Imbibing for the Community
The other night a few of us from the Bevy went to London for the Imbibe Awards.
Walking through the doors to this restaurant/night club/Tarzan jungle, I felt like stone-age man blinking into the light. Blimey, the Bevy couldn’t be further away from this party. There was such a bewildering range of drinks, I stupidly asked what was in one cocktail and just got a jumble of words stuck together to impress but that didn’t mean a thing.
Telling some people I like a Fosters shandy after a day working in the sun and they look at me as if I drink sewage. But I don’t want a witches brew of slightly crushed rhubarb crumble, eye of newt, hint of seaweed, foraged elder twig beer that’s been fermenting in a wasps nest and tastes like fagbutts. Quite honestly, I think we have entered an ‘Emperor has no clothes’ world for a lot of this flannel.
I love pubs and what they can achieve but talk of beer just puts me to sleep; its about as interesting as someone reading me a railway timetable. Fine if it floats your boat, but you won’t get me boring on about the delights of non league football (well, ok maybe a bit).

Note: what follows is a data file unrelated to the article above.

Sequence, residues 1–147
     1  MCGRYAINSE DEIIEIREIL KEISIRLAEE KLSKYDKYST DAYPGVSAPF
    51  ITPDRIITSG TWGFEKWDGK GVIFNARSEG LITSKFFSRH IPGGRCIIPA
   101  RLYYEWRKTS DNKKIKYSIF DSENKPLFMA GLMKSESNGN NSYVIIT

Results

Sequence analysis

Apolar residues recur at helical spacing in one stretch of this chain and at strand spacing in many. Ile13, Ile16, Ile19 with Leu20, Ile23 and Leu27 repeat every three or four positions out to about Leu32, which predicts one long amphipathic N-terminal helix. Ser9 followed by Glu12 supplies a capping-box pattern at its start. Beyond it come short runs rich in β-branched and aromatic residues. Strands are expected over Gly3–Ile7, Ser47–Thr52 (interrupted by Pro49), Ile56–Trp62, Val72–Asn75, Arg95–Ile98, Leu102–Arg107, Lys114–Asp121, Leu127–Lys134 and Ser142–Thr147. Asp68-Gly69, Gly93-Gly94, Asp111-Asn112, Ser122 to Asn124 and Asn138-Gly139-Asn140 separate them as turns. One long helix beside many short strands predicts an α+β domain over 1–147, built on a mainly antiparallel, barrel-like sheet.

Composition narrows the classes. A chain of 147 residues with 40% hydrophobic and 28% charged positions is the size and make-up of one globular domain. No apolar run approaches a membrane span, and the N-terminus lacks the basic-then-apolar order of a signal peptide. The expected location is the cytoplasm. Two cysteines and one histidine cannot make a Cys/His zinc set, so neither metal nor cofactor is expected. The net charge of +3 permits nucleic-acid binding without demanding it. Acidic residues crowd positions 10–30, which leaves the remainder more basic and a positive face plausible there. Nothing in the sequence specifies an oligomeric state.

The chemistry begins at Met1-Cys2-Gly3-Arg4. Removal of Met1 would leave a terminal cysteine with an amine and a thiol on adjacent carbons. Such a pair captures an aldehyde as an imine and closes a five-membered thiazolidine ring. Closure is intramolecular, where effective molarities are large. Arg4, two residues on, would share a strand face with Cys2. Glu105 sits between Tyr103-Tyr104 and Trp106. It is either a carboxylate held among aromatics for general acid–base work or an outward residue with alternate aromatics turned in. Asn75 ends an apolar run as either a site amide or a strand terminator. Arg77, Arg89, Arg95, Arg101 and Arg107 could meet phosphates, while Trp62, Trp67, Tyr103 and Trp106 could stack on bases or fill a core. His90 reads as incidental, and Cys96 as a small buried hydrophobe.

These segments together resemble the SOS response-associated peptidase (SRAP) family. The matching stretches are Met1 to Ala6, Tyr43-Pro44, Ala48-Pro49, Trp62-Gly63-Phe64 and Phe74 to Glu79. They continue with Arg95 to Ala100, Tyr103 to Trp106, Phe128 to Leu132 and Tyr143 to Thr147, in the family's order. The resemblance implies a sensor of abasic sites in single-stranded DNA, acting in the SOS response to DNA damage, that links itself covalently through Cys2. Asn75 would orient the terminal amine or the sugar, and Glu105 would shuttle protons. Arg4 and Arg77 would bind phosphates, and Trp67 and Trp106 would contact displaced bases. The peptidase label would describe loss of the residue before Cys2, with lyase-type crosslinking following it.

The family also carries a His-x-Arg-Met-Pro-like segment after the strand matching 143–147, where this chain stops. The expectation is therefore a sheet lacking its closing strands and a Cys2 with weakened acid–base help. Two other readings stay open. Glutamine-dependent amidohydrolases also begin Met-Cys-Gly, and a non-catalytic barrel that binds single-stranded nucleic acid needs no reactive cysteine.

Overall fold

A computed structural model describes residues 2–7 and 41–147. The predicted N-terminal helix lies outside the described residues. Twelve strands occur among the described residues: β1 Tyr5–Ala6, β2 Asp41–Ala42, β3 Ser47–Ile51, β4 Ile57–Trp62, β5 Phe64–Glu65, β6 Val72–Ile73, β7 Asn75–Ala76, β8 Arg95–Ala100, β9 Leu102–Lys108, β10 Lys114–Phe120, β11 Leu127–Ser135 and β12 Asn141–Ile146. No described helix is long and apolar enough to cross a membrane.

To me pubs can and should be the cornerstone of a community. Take the Bevy, where in the last week alone we’ve delivered meals to older residents who couldn’t get out cos of the snow, given cooking lessons to families and children, hosted two lunch clubs, memory moments cafe and arts and craft club, parkrun, woodcraft folk, our local MPs surgery, smoking cessation, had a free bus to the Albion as well as serving breakfasts, roasts, beers and been home to our darts and bar billiards teams. We’ve had visitors from London looking at setting up a community pub. Our customers put up hanging baskets, fixed broken doors and lights because it is their pub. Next week we launch our newest venture with the Real Junk Food Project – offering community lunches each weekday for just £3.
I might not have won a pub award, but I reckon the Bevy deserves a knighthood for services to the community and is a blueprint of how pubs can turn the tide of closures. In the end the boys from Brooksteed Alehouse in Worthing won it thanks to taking over and turning their micropub around, giving it a stronger community focus. So while I weep about pub closures, micropubs are growing and are the future for many areas. As long as they don’t go down the real ale or nothing beer-hole. Pubs can be so much more than that.